The nation brand character: the case of Switzerland

Countries can’t pretend to be everything to everybody. Countries are not corporations but like corporations, countries must find their own personality and define the traits of its character, if they want to streamline their identity and reinforce their (nation) brand.

One example of well-characterized country is Switzerland. Besides all the stereotypes about the country like mountains, chocolate, cuckoo clocks and secretive banking, Switzerland has its own, distinctive nation brand character.

One of the traits of Switzerlans’s nation brand character is closeness. Not many would say Switzerland is an hospitable country, and while this may be seen as one inconvenience (and it certainly is for many), the truth is that its closed, secretive, and even somewhat elitist nature is so as much as by design as by accident. Like all good exclusive or luxurious brands, Switzerland has an aura of restrictiveness surrounding it too.

Like a premium brand, Switzerland is positioned as an aspirational country, a model State, with a feel of exclusivity and privateness, and as such, being somewhat unwelcoming and restrictive is well aligned with the country’s nation brand character. Switzerland is like the Swarovski of countries – select and limited.

The character of the Swiss nation brand emanates from the country and is distilled through Swiss products, Swiss people, Swiss companies, Swiss real-estate, and even through Swiss legislation.

Swiss-made products are usually premium-priced, Swiss nationals are regarded to be somewhat arrogant (just ask the French in the border town of Annemasse), the most famous Swiss companies often market higher-end products and services, buying property in Switzerland is mostly prohibitive for many people, and Swiss law is pretty restrictive regarding nationality, residence and immigration. The privative Swiss nation brand character is distilled through all of these pores.

Switzerland nation brand character

The truth is that the Helvetic republic has never pretended to be accessible, inclusive or welcoming. On the contrary, its nation brand’s sex appeal has much to do with the country having an aspirational and exclusive character.

Last year, two episodes pinpointed these personality traits. The first one occured in February 2009, when the Swiss population was called to vote whether they wanted an existing deal for free movement of labor with the European Union to be extended to Bulgaria and Romania. The poster made by campaigners against the extension depicted two ravenous crows pecking at a map of Switzerland. However, a short majority of Swiss voters backed the government’s motion, thus allowing Bulgarian and Romanian workers to enjoy the same rights to work in Switzerland that are already enjoyed by the rest of the 27-member bloc’s members.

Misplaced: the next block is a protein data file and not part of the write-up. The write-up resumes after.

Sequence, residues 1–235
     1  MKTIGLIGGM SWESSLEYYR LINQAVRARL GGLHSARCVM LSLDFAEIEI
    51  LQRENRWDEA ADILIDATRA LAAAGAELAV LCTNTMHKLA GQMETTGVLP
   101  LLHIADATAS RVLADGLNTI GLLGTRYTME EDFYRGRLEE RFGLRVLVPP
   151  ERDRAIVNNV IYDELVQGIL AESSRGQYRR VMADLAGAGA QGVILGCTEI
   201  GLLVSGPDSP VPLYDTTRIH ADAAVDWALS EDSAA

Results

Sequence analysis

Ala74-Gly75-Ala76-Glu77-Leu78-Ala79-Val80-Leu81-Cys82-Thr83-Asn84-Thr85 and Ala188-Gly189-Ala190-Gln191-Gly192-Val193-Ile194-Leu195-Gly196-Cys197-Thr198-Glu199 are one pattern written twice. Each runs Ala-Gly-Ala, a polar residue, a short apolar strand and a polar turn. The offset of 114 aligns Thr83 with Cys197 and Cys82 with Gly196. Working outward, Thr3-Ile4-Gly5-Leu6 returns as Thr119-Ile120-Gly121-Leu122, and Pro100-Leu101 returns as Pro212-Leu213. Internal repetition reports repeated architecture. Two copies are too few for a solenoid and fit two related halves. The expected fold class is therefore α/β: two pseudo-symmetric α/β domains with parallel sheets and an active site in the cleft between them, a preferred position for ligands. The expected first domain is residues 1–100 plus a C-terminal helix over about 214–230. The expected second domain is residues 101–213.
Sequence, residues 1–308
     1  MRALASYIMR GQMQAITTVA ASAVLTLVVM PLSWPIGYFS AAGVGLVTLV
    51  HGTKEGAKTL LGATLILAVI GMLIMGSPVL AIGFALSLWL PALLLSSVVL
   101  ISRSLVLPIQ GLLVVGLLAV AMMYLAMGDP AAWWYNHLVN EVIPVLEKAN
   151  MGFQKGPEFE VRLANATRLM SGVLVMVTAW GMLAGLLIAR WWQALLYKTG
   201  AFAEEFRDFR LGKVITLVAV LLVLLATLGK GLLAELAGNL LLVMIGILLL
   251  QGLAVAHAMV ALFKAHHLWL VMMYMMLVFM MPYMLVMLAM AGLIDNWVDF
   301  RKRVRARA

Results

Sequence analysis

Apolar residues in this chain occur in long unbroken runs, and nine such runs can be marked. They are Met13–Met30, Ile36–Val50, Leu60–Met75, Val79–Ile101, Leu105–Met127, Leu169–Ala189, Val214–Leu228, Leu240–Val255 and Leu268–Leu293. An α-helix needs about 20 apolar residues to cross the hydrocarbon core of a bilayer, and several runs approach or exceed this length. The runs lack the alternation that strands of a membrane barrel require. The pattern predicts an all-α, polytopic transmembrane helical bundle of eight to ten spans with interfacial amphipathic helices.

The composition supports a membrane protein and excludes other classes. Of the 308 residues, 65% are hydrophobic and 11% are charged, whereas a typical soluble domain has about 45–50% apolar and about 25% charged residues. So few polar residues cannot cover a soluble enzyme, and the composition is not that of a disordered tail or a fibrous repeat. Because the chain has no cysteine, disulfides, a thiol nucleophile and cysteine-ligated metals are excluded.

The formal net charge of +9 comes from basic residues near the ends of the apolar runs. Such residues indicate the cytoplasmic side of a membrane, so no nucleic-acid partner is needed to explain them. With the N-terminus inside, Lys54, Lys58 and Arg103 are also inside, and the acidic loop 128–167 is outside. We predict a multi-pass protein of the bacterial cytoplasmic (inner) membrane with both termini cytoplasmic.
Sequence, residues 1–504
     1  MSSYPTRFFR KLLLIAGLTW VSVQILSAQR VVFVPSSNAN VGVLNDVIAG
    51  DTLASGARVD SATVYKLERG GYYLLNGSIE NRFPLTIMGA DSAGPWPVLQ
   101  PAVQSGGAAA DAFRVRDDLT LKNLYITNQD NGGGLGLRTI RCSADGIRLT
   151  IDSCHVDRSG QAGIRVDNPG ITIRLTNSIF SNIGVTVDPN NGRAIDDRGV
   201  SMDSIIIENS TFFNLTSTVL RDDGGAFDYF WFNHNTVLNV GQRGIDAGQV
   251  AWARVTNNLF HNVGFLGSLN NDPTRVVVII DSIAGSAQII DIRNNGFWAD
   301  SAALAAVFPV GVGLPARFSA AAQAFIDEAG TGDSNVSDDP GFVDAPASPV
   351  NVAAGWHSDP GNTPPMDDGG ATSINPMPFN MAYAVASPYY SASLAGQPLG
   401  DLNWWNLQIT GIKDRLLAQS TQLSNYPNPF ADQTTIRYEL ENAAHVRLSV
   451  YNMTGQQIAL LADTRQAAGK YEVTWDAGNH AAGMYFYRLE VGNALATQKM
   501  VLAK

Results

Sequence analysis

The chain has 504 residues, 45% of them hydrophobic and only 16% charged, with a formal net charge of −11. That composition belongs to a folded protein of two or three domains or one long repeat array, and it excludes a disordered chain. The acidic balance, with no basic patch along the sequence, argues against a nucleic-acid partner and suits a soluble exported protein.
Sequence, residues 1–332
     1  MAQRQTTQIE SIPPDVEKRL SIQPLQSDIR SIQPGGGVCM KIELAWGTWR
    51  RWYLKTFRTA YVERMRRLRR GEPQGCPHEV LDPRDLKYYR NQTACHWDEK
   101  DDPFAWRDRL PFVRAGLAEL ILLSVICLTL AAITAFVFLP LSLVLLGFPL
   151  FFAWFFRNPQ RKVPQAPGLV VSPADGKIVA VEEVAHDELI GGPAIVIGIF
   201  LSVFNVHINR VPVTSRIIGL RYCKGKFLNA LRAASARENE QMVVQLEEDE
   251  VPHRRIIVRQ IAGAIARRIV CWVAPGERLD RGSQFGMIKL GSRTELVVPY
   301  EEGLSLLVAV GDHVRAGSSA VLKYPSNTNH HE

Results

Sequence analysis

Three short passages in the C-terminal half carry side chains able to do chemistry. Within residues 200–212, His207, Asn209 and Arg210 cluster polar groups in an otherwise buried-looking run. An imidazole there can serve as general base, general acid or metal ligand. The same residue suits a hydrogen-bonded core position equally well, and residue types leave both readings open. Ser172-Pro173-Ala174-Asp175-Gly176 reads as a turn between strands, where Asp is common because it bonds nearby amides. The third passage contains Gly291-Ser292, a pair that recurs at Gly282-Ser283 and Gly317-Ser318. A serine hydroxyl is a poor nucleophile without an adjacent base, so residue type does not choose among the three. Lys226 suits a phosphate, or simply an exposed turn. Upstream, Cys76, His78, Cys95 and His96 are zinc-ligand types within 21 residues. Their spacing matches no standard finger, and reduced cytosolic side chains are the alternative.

The second one occured in November 2009, when another referendum was called to let Swiss voters express their opinion on whether minarets should be allowed to be built in the country. The ban amendment was approved by a majority of Swiss voters, making the construction of minarets illegal in the country. The prohibition sparked controversy in Europe and rage in the Islamic world, with calls to Muslim believers to remove their money from Swiss bank accounts.

Regardless of the actual results of the polls, the mere debates in both occasions were indicative of the Swiss national personality, the nation brand character of Switzerland. Both episodes hit world headlines, so the country’s image as an exclusive, over-the-top place was corroborated by the news media and conveyed to a global audience. These referenda weren’t the first, nonetheless. Other nation-wide debates on issues like residence, working permits, immigration and similar topics have emerged before, often with campaigns with offending posters, such as the one showing a white sheep kicking a black sheep off the Swiss flag (pictured above too in the doctored image).

So, Switzerland’s nation brand has two aspects which are mutually supportive: on one side, it is portrayed as an idyllic place to live or work. It has great business climate and wonderful scenery, but on the other side it has a not-for-everybody feeling. So it’s nation brand character is pretty similar to a premium brand, indeed. The two images included in this story show this duality pretty well.

Article by Andreas Markessinis